I’m not a big fan of co-dependent behavior, but I think our responsibility runs deeper. I don’t think we need to nor can we really prove the superiority of the conservative mindset by simply allowing what appears to be the “worst-case” scenario just play itself out. It should not be about whether we are right or not, it should be about doing our best to ensure the best happens, and doing our best to preserve in every way possible, this nation we so thoroughly call our own.

Getting back to what it’s about, we have become convinced that politics is about what happens in November. Nothing can be further from the truth. November is a blip, it’s a building of the landscape upon which the work of our government will be done for the next 2 years. Yes, I’m not even talking about the election of the President, but the election of the members of the US House Of Representatives and 1/3 of the US Senate. But it’s the other 24 months (minus the campaigning time) when Congress is in session, when our voices can be heard daily and conveyed to our representatives, it’s the grassroots party meetings that set the agenda for each election cycle, it’s the letters to the editors, the blogging, the public speaking, the assemblies to protest the wrongs in Darfur and the abortionist’s offices, the personal contact that each of us can have with those in different levels of power that make a difference.

However, when we treat any part of the process with contempt, and I would propose that declining to vote, and further persuading others to do the same, we trifle the entire political process. When we consider that the most precious right we hold (and yes, many would consider a duty) continues to set us apart from billions of others on our planet, we should consider it worth pursuing, promoting, and placing above our personal disappointments.

We also undermine our core effort (helping the party moving back to its conservative roots) when we treat the process in this manner. If we think the Party is important enough to participate in, we should also accept the voice of the party even when we disagree. There may be times (and for some, that time may be now) when the need to leave the party altogether and start anew is necessary, but if we believe the party can grow, change, and be led back to its conservative roots, then we should actively do everything possible to help make that happen. True, we lack the strength of influence that a leading conservative candidate would bring to our voices, but our voices can still be heard. If not at the national level, at least at the local level. Maybe this year, more voices around the country can start influencing those they have contact with in the party so that better ideas can be brought to the state and even national halls of legislation. If we work hard to show our respect to the party, more in the party will listen. And if they listen, we can influence.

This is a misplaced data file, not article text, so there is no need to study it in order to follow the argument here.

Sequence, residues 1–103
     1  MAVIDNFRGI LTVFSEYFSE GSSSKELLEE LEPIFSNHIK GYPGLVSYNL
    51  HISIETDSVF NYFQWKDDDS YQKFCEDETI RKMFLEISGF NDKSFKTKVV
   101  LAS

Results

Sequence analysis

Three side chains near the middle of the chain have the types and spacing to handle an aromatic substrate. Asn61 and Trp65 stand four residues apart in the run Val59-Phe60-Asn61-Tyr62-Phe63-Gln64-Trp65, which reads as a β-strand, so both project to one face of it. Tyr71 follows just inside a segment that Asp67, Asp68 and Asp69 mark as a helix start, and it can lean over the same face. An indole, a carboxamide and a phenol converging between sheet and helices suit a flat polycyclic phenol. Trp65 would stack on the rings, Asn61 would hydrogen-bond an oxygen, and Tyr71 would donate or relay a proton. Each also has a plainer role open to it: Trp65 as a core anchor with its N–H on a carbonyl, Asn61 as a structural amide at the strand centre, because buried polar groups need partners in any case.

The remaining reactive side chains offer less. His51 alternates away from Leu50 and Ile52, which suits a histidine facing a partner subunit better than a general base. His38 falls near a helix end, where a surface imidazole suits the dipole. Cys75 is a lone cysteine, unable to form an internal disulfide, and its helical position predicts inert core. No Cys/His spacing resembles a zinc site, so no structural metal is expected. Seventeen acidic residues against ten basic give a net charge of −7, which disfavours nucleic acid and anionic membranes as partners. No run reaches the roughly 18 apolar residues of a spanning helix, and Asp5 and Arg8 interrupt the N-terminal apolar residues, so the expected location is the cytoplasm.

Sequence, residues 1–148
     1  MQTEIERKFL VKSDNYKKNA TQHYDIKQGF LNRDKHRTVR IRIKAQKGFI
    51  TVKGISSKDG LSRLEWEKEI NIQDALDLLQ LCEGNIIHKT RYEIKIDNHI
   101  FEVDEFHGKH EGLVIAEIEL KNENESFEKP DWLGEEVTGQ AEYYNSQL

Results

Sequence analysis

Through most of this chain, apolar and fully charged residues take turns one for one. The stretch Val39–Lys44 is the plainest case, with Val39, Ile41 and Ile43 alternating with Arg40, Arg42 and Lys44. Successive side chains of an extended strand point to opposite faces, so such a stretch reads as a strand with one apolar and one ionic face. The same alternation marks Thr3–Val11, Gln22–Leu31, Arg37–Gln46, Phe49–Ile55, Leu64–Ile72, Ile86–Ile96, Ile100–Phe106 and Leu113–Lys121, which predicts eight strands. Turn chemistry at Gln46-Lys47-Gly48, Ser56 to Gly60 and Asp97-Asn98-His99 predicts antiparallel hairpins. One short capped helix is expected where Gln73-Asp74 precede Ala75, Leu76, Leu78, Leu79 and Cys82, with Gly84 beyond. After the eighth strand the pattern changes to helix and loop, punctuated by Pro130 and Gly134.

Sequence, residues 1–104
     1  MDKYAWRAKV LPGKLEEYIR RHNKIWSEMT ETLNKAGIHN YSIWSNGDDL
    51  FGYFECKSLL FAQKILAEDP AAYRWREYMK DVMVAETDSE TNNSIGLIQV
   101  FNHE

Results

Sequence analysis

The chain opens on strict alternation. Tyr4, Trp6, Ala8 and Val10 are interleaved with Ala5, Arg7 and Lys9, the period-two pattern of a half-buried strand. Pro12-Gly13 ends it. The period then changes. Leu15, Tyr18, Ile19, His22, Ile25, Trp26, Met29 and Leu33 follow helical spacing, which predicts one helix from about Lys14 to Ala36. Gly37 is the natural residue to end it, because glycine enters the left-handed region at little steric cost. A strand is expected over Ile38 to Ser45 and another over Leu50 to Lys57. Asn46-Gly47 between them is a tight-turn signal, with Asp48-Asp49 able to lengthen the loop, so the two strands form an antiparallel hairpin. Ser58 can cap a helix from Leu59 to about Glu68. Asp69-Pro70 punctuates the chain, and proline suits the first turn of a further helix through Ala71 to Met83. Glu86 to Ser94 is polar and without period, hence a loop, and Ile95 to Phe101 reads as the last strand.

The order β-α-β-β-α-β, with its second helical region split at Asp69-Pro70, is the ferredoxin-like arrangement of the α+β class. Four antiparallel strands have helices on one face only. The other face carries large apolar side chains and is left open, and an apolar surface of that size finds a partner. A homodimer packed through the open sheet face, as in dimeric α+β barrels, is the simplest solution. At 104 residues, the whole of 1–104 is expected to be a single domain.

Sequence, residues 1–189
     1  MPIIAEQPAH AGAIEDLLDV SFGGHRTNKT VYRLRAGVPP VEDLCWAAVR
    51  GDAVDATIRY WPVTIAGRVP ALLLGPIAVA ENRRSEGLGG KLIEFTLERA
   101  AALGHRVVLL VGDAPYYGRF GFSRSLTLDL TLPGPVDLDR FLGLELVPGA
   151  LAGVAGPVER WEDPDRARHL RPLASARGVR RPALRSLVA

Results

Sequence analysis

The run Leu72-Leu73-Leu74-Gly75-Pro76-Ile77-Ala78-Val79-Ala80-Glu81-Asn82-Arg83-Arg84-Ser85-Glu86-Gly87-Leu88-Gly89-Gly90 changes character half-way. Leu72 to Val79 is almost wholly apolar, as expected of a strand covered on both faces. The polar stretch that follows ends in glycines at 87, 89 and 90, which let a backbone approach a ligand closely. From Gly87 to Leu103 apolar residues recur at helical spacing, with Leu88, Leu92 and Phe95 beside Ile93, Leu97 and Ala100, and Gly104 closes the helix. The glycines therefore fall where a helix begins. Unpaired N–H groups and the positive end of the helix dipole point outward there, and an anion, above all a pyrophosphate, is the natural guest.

This is a never ending effort. We, and those that follow us, will need to do the same work every year… we never “get there”, we must carry on the work generation after generation. The failings of our current generation are tied deeply in the same failings that have impacted our education system, our moral integrity as a society, and our entitlement mentality. If we give up and step back, we perpetuate this already destructive cycle. We need to make it stop.

I’m going to suggest that none of the options at the top are appropriate. Whomever is the Republican Nominee, we should support them. Be vocal about the issues… be vocal about the character flaws… be honest, but support the Republican Party. It’s the only place I can see where Conservatives have a serious voice and a chance to make a real difference, even this year.

Finally, encourage others to vote, and to vote as they think best. Encourage them to participate in the whole process. Everyone’s voice matters.

(Author’s note: Although reading the views and struggles of a number of different bloggers over the past few weeks has motivated me to write this, I prefer not to point any of them out in particular. I would prefer that none perceive this as a reaction to any specific comments, but rather to all of us that are struggling with the disappointment in the current state of the Republican Party and questioning ourselves about how best to react.)